#10 Pittsburgh (8-4)

avg: 2481.75  •  sd: 79.34  •  top 16/20: 99.8%

Click on a column to sort  • 
# Opponent Result Game Rating Status Date Event
42 Wisconsin Win 10-5 2577.6 Feb 3rd Queen City Tune Up 2018 College Women
7 Tufts Loss 8-10 2246.13 Feb 3rd Queen City Tune Up 2018 College Women
15 North Carolina State Win 11-3 2953.08 Feb 3rd Queen City Tune Up 2018 College Women
40 Kennesaw State Win 13-2 2617.59 Feb 3rd Queen City Tune Up 2018 College Women
14 Whitman Win 13-10 2714.28 Mar 3rd Stanford Invite 2018
5 Oregon Win 13-11 2839.36 Mar 3rd Stanford Invite 2018
9 Colorado Win 13-12 2624.69 Mar 3rd Stanford Invite 2018
13 Ohio State Loss 9-11 2155.72 Mar 4th Stanford Invite 2018
4 Stanford Loss 3-8 2095.52 Mar 4th Stanford Invite 2018
11 Texas Loss 6-9 2053.18 Mar 4th Stanford Invite 2018
30 Williams Win 13-10 2429.32 Mar 24th I 85 Rodeo 2018
88 Georgetown** Win 15-5 2178.62 Ignored Mar 24th I 85 Rodeo 2018
**Blowout Eligible

FAQ

The uncertainty of the mean is equal to the standard deviation of the set of game ratings, divided by the square root of the number of games. We treated a team’s ranking as a normally distributed random variable, with the USAU ranking as the mean and the uncertainty of the ranking as the standard deviation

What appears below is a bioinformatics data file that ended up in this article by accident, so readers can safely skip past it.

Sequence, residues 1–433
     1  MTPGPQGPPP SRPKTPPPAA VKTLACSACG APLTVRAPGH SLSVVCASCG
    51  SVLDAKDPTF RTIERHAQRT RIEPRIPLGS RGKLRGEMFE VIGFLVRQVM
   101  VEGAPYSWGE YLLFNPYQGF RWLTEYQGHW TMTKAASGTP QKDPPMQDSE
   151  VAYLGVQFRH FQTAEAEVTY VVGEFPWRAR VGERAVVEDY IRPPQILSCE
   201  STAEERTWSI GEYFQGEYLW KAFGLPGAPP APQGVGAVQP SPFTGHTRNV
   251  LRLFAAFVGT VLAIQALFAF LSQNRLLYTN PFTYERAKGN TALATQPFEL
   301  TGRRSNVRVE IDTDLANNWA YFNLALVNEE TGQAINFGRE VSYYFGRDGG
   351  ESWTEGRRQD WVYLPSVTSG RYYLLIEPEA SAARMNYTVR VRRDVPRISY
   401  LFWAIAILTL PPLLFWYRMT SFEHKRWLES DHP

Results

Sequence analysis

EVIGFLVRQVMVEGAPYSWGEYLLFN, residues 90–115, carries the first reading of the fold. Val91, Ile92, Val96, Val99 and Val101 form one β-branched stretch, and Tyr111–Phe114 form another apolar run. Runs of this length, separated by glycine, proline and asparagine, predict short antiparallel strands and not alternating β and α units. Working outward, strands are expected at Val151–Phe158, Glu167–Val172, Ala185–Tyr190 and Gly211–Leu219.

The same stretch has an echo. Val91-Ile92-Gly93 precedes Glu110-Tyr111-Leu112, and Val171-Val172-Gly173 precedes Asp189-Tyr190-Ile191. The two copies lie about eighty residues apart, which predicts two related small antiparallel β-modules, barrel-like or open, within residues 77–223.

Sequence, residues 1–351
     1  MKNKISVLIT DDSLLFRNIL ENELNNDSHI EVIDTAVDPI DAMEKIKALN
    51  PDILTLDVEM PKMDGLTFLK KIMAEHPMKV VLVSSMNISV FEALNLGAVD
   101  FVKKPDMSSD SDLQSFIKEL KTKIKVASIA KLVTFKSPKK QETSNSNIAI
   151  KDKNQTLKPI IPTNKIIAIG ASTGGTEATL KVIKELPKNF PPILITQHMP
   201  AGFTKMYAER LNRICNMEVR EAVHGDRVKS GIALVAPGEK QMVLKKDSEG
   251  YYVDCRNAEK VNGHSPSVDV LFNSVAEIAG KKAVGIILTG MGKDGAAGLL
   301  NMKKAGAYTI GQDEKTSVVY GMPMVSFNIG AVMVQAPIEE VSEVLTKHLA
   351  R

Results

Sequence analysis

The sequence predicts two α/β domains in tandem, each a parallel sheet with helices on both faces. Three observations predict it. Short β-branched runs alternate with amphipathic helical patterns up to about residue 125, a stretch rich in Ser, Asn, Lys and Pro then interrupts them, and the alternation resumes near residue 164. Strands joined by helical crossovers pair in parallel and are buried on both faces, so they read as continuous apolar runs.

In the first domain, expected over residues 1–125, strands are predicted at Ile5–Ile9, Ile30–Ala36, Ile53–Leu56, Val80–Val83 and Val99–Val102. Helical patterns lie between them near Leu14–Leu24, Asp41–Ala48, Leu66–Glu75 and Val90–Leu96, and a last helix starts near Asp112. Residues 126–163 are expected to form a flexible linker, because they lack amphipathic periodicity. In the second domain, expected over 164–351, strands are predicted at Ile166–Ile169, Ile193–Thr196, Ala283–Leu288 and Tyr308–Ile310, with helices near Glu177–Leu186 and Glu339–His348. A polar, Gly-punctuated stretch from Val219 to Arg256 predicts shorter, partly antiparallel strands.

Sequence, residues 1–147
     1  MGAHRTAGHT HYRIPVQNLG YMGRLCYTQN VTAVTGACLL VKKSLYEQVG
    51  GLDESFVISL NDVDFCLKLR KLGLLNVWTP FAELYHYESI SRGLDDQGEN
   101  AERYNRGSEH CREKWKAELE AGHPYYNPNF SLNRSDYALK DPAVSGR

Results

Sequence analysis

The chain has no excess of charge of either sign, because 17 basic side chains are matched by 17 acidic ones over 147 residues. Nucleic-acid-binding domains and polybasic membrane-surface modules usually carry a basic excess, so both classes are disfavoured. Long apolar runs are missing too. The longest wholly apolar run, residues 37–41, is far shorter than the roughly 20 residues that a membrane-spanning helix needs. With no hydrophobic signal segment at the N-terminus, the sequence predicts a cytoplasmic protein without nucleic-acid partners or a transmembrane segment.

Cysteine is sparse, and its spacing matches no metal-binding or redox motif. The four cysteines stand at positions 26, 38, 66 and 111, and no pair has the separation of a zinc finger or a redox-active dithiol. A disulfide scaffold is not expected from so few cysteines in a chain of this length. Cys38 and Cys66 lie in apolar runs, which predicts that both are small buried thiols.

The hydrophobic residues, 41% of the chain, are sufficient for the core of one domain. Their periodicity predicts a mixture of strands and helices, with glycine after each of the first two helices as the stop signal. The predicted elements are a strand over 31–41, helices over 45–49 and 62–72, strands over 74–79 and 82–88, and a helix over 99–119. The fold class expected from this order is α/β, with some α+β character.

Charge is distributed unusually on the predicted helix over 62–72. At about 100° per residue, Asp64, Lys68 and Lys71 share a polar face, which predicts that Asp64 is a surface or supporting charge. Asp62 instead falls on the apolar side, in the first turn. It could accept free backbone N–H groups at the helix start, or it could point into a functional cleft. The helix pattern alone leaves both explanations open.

1. Calculate uncertainy for USAU ranking averge
  2. Model ranking as a normal distribution around USAU averge with standard deviation equal to uncertainty
  3. Simulate seasons by drawing a rank for each team from their distribution. Note the teams in the top 16 (club) or top 20 (college)
  4. Sum the fractions for each region for how often each of it's teams appeared in the top 16 (club) or top 20 (college)
  5. Subtract one from each fraction for "autobids"
  6. Award remainings bids to the regions with the highest remaining fraction, subtracting one from the fraction each time a bid is awarded
There is an article on Ulitworld written by Scott Dunham and I that gives a little more context (though it probably was the thing that linked you here)